File(s) not publicly available

E06499: Jerome refers to the tomb of *Rachel (wife of the Old Testament patriarch Jacob, S00701) in Bethlehem on three occasions; writing in Latin, in 404, in Bethlehem.

online resource
posted on 14.09.2018, 00:00 by Philip
Jerome of Stridon, Letter 108,10 ('Epitaphium Sanctae Paulae')

Deinde pro facultatula sua pauperibus atque conseruis pecunia distributa perrexit Bethlem et in dextra parte itineris stetit ad sepulchrum Rachel, in quo Beniamin non, ut mater uocauerat moriens, Benoni, hoc est filium doloris mei, sed, ut pater prophetavit in spiritu, filium dexterae procreavit.

'Then, after having distributed to the poor and to her fellow monastics as much money as her meager means allowed, she proceeded to Bethlehem. On the right side of the road she stood before Rachel's tomb, where she gave birth to Benjamin – "son of the right hand", as his father named him under prophetic inspiration, and not Benoni, "son of my sorrow", the name by which his mother called him as she lay dying.'

Text: Hilberg 1996 (1912). Translation: Cain 2013.

Jerome of Stridon, Tractates on the Psalms 7.70

Eo enim tempore quando mortua est Rachel in Efrata - oculis nostris sepulcrum uidemus.

'At about that time Rachel died in Efrata, indeed I have seen the grave with my own eyes.'

Text: Morin 1958. Translation: P. Polcar.

Jerome of Stridon, Commentary on Jeremiah 6.390.2

Quia igitur Rachel in Ephratha, hoc est in Bethleem, condita est – sicut et scriptura sancta et titulus sepulchri eius hodieque testantur ...

'Because Rachel was buried in Ephrata, that is Bethlehem – the holy scripture and the inscribed plaque on her tomb give testimony to that even today ...'

Text: Reiter 1960. Translation: P. Polcar.


Evidence ID


Saint Name

Rachel, wife of the Old Testament patriarch Jacob : S00701

Saint Name in Source


Type of Evidence

Literary - Letters Literary - Theological works



Evidence not before


Evidence not after


Activity not before


Activity not after


Place of Evidence - Region

Palestine with Sinai

Place of Evidence - City, village, etc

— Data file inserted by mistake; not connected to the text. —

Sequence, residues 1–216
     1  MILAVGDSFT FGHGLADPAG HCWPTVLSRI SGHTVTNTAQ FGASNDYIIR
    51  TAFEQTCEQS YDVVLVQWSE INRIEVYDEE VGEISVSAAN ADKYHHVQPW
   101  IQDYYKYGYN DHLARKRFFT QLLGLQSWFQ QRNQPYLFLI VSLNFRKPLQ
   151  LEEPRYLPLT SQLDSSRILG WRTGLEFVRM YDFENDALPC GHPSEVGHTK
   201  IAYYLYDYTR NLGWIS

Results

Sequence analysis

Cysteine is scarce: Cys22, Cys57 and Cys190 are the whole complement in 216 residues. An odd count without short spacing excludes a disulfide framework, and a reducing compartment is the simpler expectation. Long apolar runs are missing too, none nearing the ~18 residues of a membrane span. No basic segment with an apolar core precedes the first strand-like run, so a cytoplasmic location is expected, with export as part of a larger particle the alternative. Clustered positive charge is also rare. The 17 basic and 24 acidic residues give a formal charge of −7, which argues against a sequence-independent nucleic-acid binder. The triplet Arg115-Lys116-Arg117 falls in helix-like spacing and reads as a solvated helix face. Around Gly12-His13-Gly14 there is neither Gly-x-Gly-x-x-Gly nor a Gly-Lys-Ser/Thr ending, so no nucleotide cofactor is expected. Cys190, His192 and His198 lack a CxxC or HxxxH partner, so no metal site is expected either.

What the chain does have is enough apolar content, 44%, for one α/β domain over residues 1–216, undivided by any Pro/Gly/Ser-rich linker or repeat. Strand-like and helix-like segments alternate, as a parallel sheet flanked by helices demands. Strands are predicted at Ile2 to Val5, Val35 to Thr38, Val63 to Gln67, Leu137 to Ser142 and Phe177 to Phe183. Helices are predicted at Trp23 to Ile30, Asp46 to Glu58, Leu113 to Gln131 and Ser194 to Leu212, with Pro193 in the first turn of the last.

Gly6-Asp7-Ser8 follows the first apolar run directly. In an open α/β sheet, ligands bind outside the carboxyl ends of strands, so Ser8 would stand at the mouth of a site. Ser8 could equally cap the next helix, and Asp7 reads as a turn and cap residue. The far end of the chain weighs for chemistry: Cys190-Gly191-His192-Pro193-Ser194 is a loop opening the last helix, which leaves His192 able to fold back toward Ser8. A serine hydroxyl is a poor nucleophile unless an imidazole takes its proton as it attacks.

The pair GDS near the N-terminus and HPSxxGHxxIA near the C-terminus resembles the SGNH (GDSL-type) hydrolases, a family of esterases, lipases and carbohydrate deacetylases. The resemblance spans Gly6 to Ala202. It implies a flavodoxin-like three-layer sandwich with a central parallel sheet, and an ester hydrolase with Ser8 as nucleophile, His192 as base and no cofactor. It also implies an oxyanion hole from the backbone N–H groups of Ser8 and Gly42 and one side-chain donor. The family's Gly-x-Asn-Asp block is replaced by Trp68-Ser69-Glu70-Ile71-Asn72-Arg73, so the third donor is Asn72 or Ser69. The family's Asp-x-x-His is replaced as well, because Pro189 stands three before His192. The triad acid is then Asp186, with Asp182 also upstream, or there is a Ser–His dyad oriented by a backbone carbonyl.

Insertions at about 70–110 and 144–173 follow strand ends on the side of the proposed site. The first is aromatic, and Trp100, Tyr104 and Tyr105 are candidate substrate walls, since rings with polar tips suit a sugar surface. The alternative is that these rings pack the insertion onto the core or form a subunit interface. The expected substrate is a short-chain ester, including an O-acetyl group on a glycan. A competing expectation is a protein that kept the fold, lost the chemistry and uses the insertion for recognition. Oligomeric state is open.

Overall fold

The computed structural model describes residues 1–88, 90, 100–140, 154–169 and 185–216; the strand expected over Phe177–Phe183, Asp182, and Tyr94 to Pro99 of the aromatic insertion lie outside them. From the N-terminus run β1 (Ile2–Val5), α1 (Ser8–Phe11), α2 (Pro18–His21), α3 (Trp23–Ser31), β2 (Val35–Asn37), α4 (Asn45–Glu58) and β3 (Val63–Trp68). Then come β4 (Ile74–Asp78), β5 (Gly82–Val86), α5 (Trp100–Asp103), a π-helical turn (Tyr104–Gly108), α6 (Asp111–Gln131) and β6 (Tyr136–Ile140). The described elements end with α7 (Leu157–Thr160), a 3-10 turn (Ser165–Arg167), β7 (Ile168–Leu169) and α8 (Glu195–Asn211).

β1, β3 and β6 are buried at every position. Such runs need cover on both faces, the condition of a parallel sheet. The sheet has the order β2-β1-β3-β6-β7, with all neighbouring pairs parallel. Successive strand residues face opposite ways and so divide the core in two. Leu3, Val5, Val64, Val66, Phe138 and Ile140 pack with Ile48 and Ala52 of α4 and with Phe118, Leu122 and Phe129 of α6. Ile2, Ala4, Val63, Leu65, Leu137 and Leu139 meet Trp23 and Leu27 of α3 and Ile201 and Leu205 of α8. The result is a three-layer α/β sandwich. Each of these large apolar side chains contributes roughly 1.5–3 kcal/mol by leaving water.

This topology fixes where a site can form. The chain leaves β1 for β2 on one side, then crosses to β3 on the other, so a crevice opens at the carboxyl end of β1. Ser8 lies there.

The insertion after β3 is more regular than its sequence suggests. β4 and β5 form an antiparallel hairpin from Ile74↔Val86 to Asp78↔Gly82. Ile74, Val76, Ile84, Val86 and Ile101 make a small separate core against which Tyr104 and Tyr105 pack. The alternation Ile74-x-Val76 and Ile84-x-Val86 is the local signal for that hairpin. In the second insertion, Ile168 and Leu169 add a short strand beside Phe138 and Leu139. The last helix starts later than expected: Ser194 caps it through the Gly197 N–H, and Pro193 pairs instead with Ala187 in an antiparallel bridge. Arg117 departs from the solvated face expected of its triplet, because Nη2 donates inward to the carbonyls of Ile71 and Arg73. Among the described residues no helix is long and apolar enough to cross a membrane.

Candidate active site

Place of evidence - City name in other Language(s)

Bethlehem Caesarea Maritima Καισάρεια Kaisareia Caesarea Kayseri Turris Stratonis

Major author/Major anonymous work

Jerome of Stridon

Cult activities - Places

Burial site of a saint - tomb/grave

Cult Activities - Protagonists in Cult and Narratives



In the second half of 404 Jerome composed an Epitaph for his late friend and patron, Paula, which was transmitted to us as letter 108. The work depicts Paula as an example for ascetic women and bears features of hagiography. Paula died on 26 January 404 in Bethlehem. She was the descendant of a Roman aristocratic family, who traced their lineage back to the Gracchi and Scipiones. She was dedicated to the western ascetic movement and had spent more than twenty years by the side of Jerome of Stridon, whom she had followed with her daughter Eustochium to the Holy Land in 385, where they founded a monastery and a convent in Bethlehem. Paula was not only Jerome's most faithful companion, but also his biggest sponsor. Jerome's Letter 108.8-13 describes Paula's pilgrimage through the Holy Land, which lasted from late winter 385 to late spring 386.


According to the Old Testament, Rachel, Jacob's favourite wife, gave birth to Benjamin on her way to Efrata and died there (Gen. 35:16-20). According to a tradition, the place of her death was Bethlehem, and Jacob set up a pillar to commemorate the spot.


Edition: Hilberg, I., Hieronymus, Epistulae 71-120 (Corpus Scriptorum Ecclesiasticorum Latinorum 55; Vienna, 1996). Morin, G., Sancti Hieronymi presbyteri Tractatus LIX in psalmos (Corpus Christianorum, Series Latina 78; Turnhout, 1958). Reiter, S., In Hieremiam prophetam libri VI (Corpus Christianorum, Series Latina 74; Turnhout, 1960). Translation and commentary: Cain, A., Jerome's Epitaph on Paula: A Commentary on the Epitaphium Sanctae Paulae (Oxford, 2013). Further reading: Cox, B., and Ackermann, S., "Rachel's Tomb," Journal of Biblical Literature 128 (2009), 135-148.

Usage metrics